President Donald Trump is the first U.S. leader ever to be impeached twice, but it is not entirely clear what comes next for him. Under a normal impeachment process, the United States Senate would not be tasked with deciding whether or not to convict the president and remove him from office. However, with just one week left in his term, it does not appear that that is going to happen.
The House of Representatives passed an article of impeachment of Trump on Wednesday, with the surprising support of 10 Republicans. That article will now be sent to the Senate, but in order to consider, the Senate would need to be called back to Washington, D.C. for an emergency session. That would require the Senate Majority Leader Mitch McConnell and Minority Leader Chuck Schumer to both agree and call the meeting. However, on Wednesday, McConnell's office told reporters he will not issue that call.
A representative from McConnell's staff told Axios that McConnell will not join Schumer in calling the senate back, saying: "Even if we started a trial yesterday, there's not enough time to remove him from office." Many lawmakers disagree, but McConnell gave other reasons for stalling this impeachment to reporters from The Associated Press.
McConnell sent a note to other Republican senators on Wednesday, saying that a Senate trial on this second impeachment would last more than seven days, and was therefore not worth having. He pointed out that previous impeachments "have lasted 83 days, 37 days, and 21 days respectively."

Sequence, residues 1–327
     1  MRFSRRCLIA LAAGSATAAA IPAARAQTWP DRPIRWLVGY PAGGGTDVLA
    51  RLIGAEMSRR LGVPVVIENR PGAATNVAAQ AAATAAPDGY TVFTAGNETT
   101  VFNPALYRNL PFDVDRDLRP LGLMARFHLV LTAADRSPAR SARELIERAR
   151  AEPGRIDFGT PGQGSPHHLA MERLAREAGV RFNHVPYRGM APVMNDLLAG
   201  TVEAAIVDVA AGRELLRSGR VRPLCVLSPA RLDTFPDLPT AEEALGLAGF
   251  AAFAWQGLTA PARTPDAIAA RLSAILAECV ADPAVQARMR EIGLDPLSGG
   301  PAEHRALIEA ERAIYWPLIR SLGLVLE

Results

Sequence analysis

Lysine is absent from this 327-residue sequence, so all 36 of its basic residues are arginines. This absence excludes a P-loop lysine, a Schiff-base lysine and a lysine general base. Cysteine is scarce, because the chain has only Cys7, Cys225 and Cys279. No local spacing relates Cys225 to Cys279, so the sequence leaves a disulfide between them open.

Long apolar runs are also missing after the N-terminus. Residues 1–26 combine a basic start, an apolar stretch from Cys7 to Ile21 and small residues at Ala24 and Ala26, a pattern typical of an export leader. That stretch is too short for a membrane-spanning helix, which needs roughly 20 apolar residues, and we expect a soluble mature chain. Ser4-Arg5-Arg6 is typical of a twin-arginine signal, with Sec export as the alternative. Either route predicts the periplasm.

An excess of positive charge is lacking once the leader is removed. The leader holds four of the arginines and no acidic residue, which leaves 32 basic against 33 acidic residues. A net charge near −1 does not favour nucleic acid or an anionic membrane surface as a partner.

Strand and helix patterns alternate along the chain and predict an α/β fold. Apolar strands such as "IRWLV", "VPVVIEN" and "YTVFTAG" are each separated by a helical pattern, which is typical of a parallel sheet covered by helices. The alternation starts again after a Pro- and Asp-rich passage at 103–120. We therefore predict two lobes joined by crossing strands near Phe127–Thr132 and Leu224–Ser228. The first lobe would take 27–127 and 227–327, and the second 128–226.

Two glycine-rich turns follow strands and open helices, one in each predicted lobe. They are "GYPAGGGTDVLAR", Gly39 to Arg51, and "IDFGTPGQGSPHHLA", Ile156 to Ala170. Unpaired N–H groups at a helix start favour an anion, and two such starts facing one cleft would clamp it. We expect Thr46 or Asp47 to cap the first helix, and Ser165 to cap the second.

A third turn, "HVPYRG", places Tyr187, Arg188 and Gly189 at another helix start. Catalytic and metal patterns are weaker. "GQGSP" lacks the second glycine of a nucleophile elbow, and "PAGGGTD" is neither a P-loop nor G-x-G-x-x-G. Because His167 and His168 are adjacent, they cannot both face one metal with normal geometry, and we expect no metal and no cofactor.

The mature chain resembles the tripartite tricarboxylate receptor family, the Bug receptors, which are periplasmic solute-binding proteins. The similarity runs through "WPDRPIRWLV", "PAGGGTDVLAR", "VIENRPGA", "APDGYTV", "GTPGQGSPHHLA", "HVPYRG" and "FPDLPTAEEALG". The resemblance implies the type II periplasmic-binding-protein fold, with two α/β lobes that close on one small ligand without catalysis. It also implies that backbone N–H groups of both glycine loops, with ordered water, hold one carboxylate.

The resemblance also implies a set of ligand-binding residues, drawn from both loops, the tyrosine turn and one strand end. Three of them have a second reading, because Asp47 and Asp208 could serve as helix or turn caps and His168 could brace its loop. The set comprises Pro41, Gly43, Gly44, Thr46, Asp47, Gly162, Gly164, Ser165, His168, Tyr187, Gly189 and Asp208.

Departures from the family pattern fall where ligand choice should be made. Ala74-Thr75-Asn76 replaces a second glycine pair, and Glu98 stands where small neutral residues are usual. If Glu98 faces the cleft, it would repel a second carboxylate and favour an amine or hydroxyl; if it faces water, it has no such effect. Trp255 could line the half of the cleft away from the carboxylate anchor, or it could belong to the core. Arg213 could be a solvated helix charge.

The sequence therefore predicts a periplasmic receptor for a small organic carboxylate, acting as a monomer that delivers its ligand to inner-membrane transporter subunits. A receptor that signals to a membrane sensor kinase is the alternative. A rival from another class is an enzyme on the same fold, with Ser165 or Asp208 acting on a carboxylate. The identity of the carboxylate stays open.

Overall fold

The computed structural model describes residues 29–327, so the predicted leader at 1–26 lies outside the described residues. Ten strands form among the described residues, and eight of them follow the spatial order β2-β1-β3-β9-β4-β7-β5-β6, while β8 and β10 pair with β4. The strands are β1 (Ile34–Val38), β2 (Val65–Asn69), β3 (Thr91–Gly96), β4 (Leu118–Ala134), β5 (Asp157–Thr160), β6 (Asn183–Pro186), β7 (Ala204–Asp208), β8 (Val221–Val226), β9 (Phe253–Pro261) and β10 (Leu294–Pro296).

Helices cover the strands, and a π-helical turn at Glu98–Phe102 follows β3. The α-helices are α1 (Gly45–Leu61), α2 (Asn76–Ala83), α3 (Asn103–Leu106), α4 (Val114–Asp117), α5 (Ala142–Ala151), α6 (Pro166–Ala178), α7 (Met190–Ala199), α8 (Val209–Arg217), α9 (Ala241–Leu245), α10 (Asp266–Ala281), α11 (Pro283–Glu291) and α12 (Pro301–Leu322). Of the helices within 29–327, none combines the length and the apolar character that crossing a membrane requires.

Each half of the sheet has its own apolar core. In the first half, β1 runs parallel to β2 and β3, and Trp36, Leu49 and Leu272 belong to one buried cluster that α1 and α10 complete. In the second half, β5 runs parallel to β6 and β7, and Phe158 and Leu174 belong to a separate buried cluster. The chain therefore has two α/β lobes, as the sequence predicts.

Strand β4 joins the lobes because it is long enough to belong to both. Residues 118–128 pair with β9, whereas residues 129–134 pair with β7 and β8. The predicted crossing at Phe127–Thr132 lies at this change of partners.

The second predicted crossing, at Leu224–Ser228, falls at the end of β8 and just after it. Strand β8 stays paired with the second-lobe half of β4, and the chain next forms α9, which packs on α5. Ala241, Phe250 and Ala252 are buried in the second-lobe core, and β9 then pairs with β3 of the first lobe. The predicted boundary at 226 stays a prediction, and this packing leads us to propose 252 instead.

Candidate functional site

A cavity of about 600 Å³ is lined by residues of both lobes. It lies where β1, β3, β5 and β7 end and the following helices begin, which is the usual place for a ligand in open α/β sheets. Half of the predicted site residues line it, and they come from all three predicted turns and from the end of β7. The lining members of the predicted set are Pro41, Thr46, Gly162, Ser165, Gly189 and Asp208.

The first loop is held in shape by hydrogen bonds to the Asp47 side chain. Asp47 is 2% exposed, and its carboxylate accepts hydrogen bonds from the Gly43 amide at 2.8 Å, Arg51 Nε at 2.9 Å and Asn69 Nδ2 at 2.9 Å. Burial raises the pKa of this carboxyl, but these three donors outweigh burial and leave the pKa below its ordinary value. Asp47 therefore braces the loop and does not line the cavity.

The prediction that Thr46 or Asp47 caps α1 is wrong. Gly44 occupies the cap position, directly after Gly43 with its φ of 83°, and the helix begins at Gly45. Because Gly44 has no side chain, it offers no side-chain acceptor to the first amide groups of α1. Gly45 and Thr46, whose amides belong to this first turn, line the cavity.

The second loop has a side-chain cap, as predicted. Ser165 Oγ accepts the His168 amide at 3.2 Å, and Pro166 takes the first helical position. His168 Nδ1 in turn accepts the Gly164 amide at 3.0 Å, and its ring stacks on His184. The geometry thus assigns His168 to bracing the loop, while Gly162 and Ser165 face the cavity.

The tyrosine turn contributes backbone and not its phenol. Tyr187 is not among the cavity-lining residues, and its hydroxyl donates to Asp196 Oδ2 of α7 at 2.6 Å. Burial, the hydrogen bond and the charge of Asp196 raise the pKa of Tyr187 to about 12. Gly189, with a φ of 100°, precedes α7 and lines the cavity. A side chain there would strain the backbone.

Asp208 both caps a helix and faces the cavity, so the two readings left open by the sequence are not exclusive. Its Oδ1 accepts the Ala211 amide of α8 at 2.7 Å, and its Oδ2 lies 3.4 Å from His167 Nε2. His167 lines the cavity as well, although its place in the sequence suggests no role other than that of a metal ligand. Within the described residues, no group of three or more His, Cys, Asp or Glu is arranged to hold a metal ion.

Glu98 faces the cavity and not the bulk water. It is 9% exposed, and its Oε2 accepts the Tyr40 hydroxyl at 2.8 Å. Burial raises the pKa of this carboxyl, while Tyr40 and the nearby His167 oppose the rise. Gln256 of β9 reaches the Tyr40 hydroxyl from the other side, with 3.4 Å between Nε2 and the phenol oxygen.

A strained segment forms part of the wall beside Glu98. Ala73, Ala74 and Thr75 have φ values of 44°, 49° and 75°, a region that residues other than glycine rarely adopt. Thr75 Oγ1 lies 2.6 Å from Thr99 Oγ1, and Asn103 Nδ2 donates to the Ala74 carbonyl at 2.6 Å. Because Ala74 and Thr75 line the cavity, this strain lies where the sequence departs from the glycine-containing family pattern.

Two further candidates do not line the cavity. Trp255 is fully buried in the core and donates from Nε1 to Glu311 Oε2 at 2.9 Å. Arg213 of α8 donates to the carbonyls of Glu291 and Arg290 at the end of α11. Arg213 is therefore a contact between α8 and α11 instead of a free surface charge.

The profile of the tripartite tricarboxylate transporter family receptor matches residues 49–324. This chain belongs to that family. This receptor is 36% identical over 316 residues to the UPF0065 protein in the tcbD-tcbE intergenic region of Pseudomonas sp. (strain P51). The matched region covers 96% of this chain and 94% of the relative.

McConnell also wrote that he believes the U.S. would be best-served if "Congress and the executive branch spend the next seven days completely focused on facilitating a safe inauguration and an orderly transfer of power to the incoming Biden Administration." Publicly, he said that there is "no chance" the Senate will hold a "fair or serious" trial on such short notice.
Similar complaints were heard from the president's remaining supporters in the House on Wednesday before it voted overwhelmingly to impeach him. However, those in favor of impeachment continuously pointed out that these are unprecedented circumstances, with violent mobs attacking elected officials over false conspiracy theories spread by the president.
As for Trump, he is preoccupied with regaining access to his beloved social media accounts. On Wednesday, he issued a statement to Fox News, saying that he wants "No violence, NO lawbreaking" in the coming week. To achieve this, he asked "big tech" for "help," apparently hinting that he wants his Twitter and Facebook accounts reactivated. Trump leaves office and Joe Biden assumes the presidency on Wednesday, Jan. 20, 2021.